We were scared, didn't have time to 'look' for MDs, since we didn't know what cancer he had...so progressed...we went with University of Florida's recommendation to be seen in St. Pete for surgery, Dr. Lanza (w/ENB experience) and Dr. Jobe (neurosurgeon) and returned to UF Proton center, Dr. Malyapa, and Dr. Guthrie, a professor, for chemo (where we live in Jacksonville, fl). He's recovering, and we are taking a day at a time for now.

SIRENAF42's picture
SIRENAF42
Posts: 203
Joined: Oct 2008

Its a scary journey, but always stay positive. I was diagnosed in 08 and am almost 2 years clean. Everyones journey is different, but truly believe that if you stay positive, and allow yourself hope, happiness always follow.

Laugh at cancer, its the best medicine :)

Sirena

robe68
Posts: 14
Joined: May 2010

You are a lucky person, my friend. I too share your feelings about chemotherapy and radiation but the techniques ARE getting better, more safe.

DonnaMarie1
Posts: 1
Joined: Jun 2013

i was recently diagnosed. i had surgery to remove the tumor at the beginning of this month. The doctors were not able to remove all of it. They are suggesting another surgery then radiation for 6 weeks. I pesonally dont want to do radiation. I would like to hear everyone's experience who have not chosen radiation and/or chemo. Thanks

Chuck2339
Posts: 11
Joined: Jun 2012

I think the treatment protocals differ from facility to facility and from doctor to doctor. If you have a doc that you like and trust, let him lead you. At UVA the protocal for ENB seems to be chemo, followed by radiation, followed by surgery. They told me in the beginning that the chemo and radiation would not eliminate the tumor but would force it to encapsulate itself making removal easier and with much less blood loss. 

I don't blame you not wanting radiation. The side effects on me were tough.

They have antinauseals they can give you along with the chemo to make that bearable. Cisplatin is nasty! Carboplatin is a bit better. Hair loss is probable. I was fascinated to hear how chemo drugs work. They are designed to seek out and attack the fastest growing cells they find. Typically, thats the tumor. But then, when they have nothing better to do, they seek out other fast growing cells. Guess what that is?  Your hair.  Mine grew back just fine.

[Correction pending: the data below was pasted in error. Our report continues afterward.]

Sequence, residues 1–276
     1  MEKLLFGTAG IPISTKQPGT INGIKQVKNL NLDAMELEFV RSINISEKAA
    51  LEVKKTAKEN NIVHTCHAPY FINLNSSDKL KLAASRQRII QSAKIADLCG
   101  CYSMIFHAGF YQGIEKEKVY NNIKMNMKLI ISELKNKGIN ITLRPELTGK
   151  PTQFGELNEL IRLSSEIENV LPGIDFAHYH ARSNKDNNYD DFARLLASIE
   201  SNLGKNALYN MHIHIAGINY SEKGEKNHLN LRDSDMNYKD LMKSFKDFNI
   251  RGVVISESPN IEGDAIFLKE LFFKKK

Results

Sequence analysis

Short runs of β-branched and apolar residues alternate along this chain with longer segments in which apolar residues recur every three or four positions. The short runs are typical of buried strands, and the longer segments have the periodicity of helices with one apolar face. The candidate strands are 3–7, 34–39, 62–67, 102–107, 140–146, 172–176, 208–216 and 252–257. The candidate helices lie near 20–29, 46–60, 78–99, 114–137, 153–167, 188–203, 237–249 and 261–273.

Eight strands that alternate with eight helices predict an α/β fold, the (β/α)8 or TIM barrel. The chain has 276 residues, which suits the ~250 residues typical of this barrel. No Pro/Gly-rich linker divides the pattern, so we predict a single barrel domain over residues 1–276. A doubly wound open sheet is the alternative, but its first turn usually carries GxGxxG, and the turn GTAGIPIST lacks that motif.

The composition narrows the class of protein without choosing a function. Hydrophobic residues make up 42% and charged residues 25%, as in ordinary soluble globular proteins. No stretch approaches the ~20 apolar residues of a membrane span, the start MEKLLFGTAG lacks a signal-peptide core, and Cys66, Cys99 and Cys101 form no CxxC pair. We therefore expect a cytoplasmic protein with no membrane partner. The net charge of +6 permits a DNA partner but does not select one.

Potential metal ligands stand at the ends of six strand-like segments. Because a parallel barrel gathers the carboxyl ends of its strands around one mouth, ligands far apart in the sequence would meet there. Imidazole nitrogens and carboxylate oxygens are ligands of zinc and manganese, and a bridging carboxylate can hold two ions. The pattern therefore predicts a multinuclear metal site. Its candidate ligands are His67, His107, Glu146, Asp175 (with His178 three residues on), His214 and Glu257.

My ENB was diagnosed as Kadish C. That was back in early 2009. So far no recurrences.

Stay as fit as you can. It will speed up recovery.

robe68
Posts: 14
Joined: May 2010

Being positive for sure helps. But you must be vigilant and proactive. There is not a single expert out there on ENB so get your scans done regularly, monitor your body for lumps or abnormalities, eat and sleep well, lower stress, and get lots of opinions before embarking on a treatment plan.

robe68
Posts: 14
Joined: May 2010

Right away. I would suggest MD Anderson in Houston TX. It's not far from you. I have never been there but based on what I've heard from a 10 year miraculous survivor in Chicago, he said MD Anderson is one of the best. I am considering a consultation there myself.

alarson
Posts: 1
Joined: Nov 2009

Brian 1145,
My father was diagnosed with esthesioneuroblastoma the summer of 2004 at the age of 40. After doctoring for what was a supposed sinus infection and nasal polyp in Fargo, ND we recieved the news it was cancer. Fargo had not dealt with this kind before(at that point they were unable to diagnose the biopsy). We were referred to the Mayo Clinic in Rochester, MN. That summer he underwent surgery to remove the tumor (we were told it was about the size of a softball) followed by concurrent chemotherapy and radiation. He completed his chemo in Fargo that winter.

I am unable to express my gratitude for the doctors in Rochester as I am proud to report that as of last week his 6 year scans and check-ups were clear!

I encourage you to keep fighting, and my thoughts are with you!

robe68
Posts: 14
Joined: May 2010

I have had ENB since April 2006, had my 2nd recurrence last months now to lymph nodes in between clavicles, in the mediastynum. Three tumors are small at this point but have been confirmed by surgical biopsy to be ENB. One doctor suggests many rounds of high dose chemo with stem cell transplant (autologous, using my own stem cells) and radiation - following a protocol for pediatric neuroblastoma. Another doctor suggests waiting until next PET scan in a few months to see how disease has progressed before attempting anything. Three tumors are small at this point. Is it better to wait and see or go for the kill now while the "tumor burden" is low? The Mayo Clinic favors the wait and see and treat if necessary option. Has anyone heard of stem cell transplantation to be curative for ENB metastasis beyond original tumor in sinus area? Please share your thoughts.